Other set highlights included such Quarry songs as I Like You, The World Is Full Of Crashing Bores, Let Me Kiss You, How Can Anybody Possibly Know How I Feel? and Irish Blood, English Heart, and such Smiths' classics as How Soon Is Now? and There Is A Light That Never Goes Out.

    Opening last night was Montreal buzz band The Dears, who just got a huge mention in Rolling Stone as one of "10 artists to watch."

    Judging from their uneven half-hour set, the occasion caused some nervousness within the group, who have been compared to The Smiths in the past, as frontman Murray Lightburn announced: "I can't express what Morrissey has meant to me in my life. I just wanted to take this chance to say thank-you Morrissey and I love you."

    Obviously, it was a sentiment shared by many.
    Anonymous -- Wednesday October 13 2004, @06:22AM (#130556)
  • Pretty rude and thoughtlessly selfish bunch alot of Moz fans are. How people can go up on stage and believe it perfectly acceptable to sexually assault a person (Moz) and then not be kicked in the arse by security is beyond me. He is a real person, just because you've known him for years of your pathetic life, he doesn't know WHO YOU ARE and does not want you to kiss him, or lick your palm and shake his hand... he's incredibly tolerant and people need to show alot more respect. He has a life and beleive me, he only gives us the time of day because we PAY HIM!!! He's not our friend, he has a job and he does it well, leave him alone.
    Anonymous -- Wednesday October 13 2004, @09:20AM (#130580)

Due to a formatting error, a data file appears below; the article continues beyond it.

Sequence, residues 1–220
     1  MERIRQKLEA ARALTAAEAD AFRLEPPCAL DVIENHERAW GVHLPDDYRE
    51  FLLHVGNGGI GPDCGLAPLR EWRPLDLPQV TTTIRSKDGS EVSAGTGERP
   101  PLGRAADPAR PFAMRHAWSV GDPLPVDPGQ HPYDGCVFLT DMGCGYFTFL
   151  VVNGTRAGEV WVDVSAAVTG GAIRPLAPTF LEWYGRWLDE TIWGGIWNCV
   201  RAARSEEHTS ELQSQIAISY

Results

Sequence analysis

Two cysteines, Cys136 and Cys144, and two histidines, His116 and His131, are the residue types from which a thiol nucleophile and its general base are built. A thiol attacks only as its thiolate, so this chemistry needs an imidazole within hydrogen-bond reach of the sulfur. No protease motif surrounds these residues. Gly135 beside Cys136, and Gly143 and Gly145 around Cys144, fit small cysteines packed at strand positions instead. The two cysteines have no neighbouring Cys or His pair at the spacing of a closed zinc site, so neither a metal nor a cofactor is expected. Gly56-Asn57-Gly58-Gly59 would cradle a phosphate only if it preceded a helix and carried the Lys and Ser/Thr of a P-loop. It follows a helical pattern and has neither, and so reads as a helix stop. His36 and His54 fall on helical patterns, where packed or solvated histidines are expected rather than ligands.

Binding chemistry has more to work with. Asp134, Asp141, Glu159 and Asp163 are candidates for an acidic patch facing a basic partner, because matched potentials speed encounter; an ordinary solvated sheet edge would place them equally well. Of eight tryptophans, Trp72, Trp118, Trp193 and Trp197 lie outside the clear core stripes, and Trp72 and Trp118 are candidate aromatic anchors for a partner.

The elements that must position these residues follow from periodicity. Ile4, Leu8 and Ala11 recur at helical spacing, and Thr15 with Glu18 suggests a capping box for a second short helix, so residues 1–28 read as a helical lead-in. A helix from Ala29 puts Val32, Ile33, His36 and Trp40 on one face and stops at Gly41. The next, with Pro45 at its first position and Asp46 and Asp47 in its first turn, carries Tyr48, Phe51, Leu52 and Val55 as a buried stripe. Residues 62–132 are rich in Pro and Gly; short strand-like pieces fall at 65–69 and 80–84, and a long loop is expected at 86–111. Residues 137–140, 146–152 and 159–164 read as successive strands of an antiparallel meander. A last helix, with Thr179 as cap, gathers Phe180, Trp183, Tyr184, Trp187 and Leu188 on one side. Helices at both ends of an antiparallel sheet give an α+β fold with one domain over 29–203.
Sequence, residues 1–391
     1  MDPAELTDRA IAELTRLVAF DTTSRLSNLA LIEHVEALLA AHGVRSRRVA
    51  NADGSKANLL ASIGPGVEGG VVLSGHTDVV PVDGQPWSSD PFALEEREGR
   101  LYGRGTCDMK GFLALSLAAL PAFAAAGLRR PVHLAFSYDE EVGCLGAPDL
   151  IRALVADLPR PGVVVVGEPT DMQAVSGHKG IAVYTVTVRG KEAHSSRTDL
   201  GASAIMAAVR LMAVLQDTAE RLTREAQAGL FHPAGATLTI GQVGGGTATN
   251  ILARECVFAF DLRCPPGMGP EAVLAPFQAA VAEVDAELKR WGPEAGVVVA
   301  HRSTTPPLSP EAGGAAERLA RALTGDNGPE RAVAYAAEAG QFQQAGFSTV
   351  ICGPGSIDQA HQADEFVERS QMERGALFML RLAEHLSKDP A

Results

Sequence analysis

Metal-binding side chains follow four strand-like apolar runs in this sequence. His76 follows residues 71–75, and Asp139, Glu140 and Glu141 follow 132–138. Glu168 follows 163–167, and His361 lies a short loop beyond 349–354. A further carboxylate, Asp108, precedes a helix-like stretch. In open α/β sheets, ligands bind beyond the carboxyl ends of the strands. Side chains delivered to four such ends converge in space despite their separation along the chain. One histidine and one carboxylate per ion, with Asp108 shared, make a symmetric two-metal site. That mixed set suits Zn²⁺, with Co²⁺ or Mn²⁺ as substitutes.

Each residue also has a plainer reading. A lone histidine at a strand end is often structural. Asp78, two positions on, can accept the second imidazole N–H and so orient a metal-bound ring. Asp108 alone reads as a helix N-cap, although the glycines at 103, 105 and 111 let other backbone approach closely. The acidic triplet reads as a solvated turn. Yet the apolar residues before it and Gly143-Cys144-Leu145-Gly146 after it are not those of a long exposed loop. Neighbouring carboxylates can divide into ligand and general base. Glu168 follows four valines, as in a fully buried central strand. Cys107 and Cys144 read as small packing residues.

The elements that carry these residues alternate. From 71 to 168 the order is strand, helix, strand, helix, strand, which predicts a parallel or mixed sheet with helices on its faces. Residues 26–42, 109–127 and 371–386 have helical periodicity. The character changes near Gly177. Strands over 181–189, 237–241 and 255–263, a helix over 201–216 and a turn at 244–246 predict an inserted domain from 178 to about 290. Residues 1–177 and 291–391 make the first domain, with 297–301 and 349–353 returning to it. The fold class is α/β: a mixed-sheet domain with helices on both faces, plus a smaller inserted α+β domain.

• Well, First Morrissey show ever for me. I've been a fan for 12 years now and I was not disappointed at all. I was in the Mezzanine so that's a little better than the balcony, but half your energy disappears when your forced to sit down. There was no one standing but I was dancing in my seat like a fool. It felt like being at a Movie Theatre watching a live Morrissey show. At $80.00 a ticket, but once you got over that it was great. Most people sitting around me were very lathargic and only moved during "More you Ignore Me" and "How soon is now", I didn't care though, No Drunk Jocks, or Idiot Punks just good people there to watch a show. I was envious of the people down in the Orchestra section, but I'm so short I probably would have missed it all. The set was great. Of course we all have our dream lists, I can't beleive he still totally ignores Viva Hate, Your Arsenal, Southpaw Grammer and Maladjusted. Half of the songs are great off each of these albums...Why ? I almost wish he's skip the Smiths songs and give us Piccadilly, Interesting Drug. Yack Yack. Any way it was great. I Hope he tours again in this area.